Introduction of heterocycles in the helical skeleton of helicenes allows modulation of their redox, chiroptical and photophysical properties. Herein, we describe the straightforward preparation and structural characterization by single crystal X-ray diffraction of thiadiazole-[7]helicene, which has been resolved into (M) and (P) enantiomers by chiral HPLC, together with its S-shaped double [4]helicene isomer, as well as the smaller congeners thiadiazole-[5]helicene and benzothiadiazole-anthracene. A copper(II) complex with two thiadiazole-[5]helicene ligands has been structurally characterized and it shows the presence of both (M) and (P) isomers coordinated to the metal centre. The emission properties of the unprecedented heterohelicenes are highly dependent on the helical turn, as the [7]- and [5]helicene are poorly emissive, whereas their isomers, that is, the S-shaped double [4]helicene and thiadiazole-benzanthracene, are luminescent, with quantum efficiencies of 5.4% and 6.5%, respectively. DFT calculations suggest a quenching of the luminescence of enantiopure [7]helicenes through an intersystem crossing mechanism arising from the relaxed excited S1 state.
Bis(thiomethyl)- and bis(thiohexyl)-tetrathiafulvalene-bromo-benzothiadiazoles, containing electron donor tetrathiafulvalene (TTF) and electron acceptor benzothiadiazole (BTD) units, have been prepared by Stille coupling reactions between the TTF-SnMe3 precursors and BTD-Br2. In another series of experiments, TTF-acetylene-BTD compounds have been synthesized by Sonogashira coupling between either TTF-acetylenes and BTD-Br2 in low yields, or TTF-iodine and BTD-acetylene in moderate yields. In the compound TTF-C≡C-BTD the TTF and BTD units are coplanar in the solid state, as shown by the single crystal X-ray structure, and there is segregation in the packing between the donor and acceptor units. All the derivatives have good electron donor properties, as determined by cyclic voltammetry measurements, and they can also be reversibly reduced thanks to the presence of the BTD moiety. UV-visible spectroscopy and photophysical investigations show the presence of an intramolecular charge transfer (ICT) band and an emission band originating from the charge transfer. Both the absorption and the emission are modulated by the substitution scheme and the insertion of the acetylenic bridge.
  • On the Role of Ligand-Field States for the Photophysical Properties of Ruthenium(II) Polypyridyl Complexes
    Q. Sun, S. Mosquera-Vazquez, Y. Suffren, J. Hankache, N. Amstutz, L.M. Lawson Daku, E. Vauthey and A. Hauser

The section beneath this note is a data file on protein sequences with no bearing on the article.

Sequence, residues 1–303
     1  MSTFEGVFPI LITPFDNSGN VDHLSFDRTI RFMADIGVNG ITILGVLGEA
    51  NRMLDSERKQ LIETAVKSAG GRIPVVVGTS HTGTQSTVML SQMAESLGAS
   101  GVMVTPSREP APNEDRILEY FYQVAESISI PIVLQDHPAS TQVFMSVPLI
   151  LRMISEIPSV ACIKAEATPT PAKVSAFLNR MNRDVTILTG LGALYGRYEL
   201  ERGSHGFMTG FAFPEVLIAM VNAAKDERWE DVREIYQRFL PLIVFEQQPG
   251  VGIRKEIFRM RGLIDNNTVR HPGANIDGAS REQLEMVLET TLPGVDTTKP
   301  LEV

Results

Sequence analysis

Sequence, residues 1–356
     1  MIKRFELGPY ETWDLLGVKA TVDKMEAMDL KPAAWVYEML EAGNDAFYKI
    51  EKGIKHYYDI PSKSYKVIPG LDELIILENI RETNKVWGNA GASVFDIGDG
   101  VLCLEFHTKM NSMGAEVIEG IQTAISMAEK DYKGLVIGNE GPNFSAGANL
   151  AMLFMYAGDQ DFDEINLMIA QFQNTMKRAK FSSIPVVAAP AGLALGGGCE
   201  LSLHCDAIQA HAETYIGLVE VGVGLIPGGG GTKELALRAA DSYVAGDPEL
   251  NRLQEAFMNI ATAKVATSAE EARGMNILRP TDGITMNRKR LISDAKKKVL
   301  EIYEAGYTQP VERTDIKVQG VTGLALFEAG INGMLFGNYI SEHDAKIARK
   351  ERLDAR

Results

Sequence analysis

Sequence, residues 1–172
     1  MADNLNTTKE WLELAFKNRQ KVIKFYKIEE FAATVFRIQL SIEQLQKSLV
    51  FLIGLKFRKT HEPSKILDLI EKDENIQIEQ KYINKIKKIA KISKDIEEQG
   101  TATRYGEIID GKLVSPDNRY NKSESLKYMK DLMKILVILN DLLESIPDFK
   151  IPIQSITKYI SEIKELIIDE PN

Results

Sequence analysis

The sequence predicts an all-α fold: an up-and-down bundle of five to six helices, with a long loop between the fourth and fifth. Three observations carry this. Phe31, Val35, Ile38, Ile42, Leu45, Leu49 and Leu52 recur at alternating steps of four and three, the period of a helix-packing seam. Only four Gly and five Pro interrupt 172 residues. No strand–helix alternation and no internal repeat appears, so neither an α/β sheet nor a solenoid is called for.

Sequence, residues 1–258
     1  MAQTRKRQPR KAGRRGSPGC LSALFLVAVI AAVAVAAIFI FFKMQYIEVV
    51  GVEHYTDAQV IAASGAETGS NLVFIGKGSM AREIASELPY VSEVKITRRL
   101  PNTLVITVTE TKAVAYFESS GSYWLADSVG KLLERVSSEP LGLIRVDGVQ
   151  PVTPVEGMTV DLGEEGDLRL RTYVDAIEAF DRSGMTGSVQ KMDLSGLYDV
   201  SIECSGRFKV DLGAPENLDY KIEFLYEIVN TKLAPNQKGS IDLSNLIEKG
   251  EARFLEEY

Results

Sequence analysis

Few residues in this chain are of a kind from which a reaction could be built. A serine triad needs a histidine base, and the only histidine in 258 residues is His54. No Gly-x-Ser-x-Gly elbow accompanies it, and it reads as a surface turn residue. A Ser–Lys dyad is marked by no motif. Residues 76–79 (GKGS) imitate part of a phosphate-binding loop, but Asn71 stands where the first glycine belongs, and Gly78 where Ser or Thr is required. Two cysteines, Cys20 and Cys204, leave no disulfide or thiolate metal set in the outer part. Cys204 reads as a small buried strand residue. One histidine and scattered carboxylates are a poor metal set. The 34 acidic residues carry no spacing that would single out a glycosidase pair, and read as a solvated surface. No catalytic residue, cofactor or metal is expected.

Coordination Chemistry Reviews, 282-283 (2015), p87-99
    DOI:10.1016/j.ccr.2014.07.004 | unige:42120 | Abstract | Article HTML | Article PDF
The role of ligand-field states for the photophysical properties of d6 systems has been discussed in a large number of publications over the past decades. Since the seminal paper by Houten and Watts, for instance, the quenching of the 3MLCT luminescence in ruthenium(II) polypyridyl complexes is attributed to the presence of the first excited ligand-field state, namely a component of the 3T1(t2g5eg1) state, at similar energies. If this state lies above the 3MLCT state, the luminescence is quenched via thermal population at elevated temperatures only. If it lies well below, then the luminescence is quenched down to cryogenic temperatures. In this contribution we present transient absorption spectra on non-luminescent ruthenium polypyridyl complexes such as [Ru(m-bpy)3]2+, m-bpy = 6-methyl-2,2’-bipyridine, in acetonitrile at room temperature, which reveal an ultra-rapid depopulation of the 3MLCT state but a much slower ground state recovery. We propose that in this and related complexes the methyl groups force longer metal-ligand bond lengths, thus resulting in a lowering of the ligand-field strength such that the 3dd state drops to below the 3MLCT state, and that furthermore the population of this state from the 3MLCT state occurs faster than its decay to the ground state. In addition we demonstrate that in this complex the luminescence can be switched on by external pressure, which we attribute to a destabilisation of the ligand-field state by the pressure due to its larger molecular volume compared to the ground state as well as the 3MLCT state.



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